Many people interviewed for this article were appreciative of the stability and improved living conditions they enjoyed under Karimov and he is not widely seen as the dictator that he is viewed as in the West. Certainly the new administration has in no way demonised or heavily criticised Karimov, but then Mirziyoyev served as his prime minister for several years, so the current administration prefers to emphasis the continuity.
Change of guard
The first stop of the tour was the far western town of Nukus, a lost settlement in the midst of the Qizilqum (aka Kyzyl-Kum) desert and the capital of Karakalpakstan, the birthplace of the Turkic people.
When I first visited Nukus over 20 years ago I went with a Turkish friend who was running a UN programme that gave chickens to women so they could support themselves by selling eggs and at the same time add some protein to their diet. The city was an ecological disaster, as over-irrigation had seen the water table rise to the surface and the fields were caked with salt that lay like snow on the ground. The local firms had no money and were paying their workers with sacks of pasta so that at least they had something to eat.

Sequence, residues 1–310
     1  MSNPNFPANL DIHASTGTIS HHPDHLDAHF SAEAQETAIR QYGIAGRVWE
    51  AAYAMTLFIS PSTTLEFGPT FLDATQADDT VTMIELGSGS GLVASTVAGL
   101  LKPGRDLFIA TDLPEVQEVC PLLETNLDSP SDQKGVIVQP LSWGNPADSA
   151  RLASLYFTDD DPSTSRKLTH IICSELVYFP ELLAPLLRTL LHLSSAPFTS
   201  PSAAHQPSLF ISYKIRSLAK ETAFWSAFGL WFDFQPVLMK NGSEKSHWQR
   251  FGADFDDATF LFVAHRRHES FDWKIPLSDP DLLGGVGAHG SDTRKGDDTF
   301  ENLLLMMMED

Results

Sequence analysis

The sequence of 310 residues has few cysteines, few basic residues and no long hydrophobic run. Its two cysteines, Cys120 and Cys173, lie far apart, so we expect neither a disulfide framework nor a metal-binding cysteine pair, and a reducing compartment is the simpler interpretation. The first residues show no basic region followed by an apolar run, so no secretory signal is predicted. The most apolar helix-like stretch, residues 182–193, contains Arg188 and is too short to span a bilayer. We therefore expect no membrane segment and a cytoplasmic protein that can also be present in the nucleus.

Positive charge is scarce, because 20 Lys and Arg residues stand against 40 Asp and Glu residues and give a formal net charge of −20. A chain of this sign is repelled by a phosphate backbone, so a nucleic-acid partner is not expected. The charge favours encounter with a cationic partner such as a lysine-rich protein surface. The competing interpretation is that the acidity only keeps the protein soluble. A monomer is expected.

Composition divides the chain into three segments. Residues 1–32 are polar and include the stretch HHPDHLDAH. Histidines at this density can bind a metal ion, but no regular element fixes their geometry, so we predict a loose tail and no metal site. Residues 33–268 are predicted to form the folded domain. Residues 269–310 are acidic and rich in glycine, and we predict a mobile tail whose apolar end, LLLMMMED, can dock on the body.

The white goods manufacturer Artel set up a hoover assembly plant in Nukus in 2011 during Karimov’s time under licence from Korean consumer electronics giant Samsung, but since then has expanded production to include several of its own branded items that are now best sellers not only in Uzbekistan but throughout Central Asia and in the CIS.
After a stop-off in the ancient Silk Road way station of Khiva where the legendary 1,001 Nights stories are set, we travelled on to the industrial mining town of Navoi that is home to Muruntau, the largest open-cast gold mine in the world, as well as NavoiAzot , a large petrochemicals plant, and Qizilqumsement, the biggest cement plant in the country.
When I visited the gold mine 20 years ago the city was a grimy run-down place with few shops and little life on the streets, populated by mainly Russians and Ukrainians that knew the mining business well from their homelands. The US company Newmont had opened a gold processing plant that was working the thousands of tonnes of tailings from decades of Soviet gold mining that were still rich with the yellow ore in a simple process to turn the rocks into gold. A fortified shed next to the plant was stacked from floor to ceiling with bars of gold.
Today the mine is flourishing. Newmont is long gone following a dispute with Karimov over tax payments, but the mine is still working the tailings, but is expanding its open-cast operations and is on track to increase output by 30% in the next five years. However, the main event will be its 100% privatisation, where shares will be sold on the open market. The gold mine will be ready to be privatised from January 1, its ebullient director told bne IntelliNews.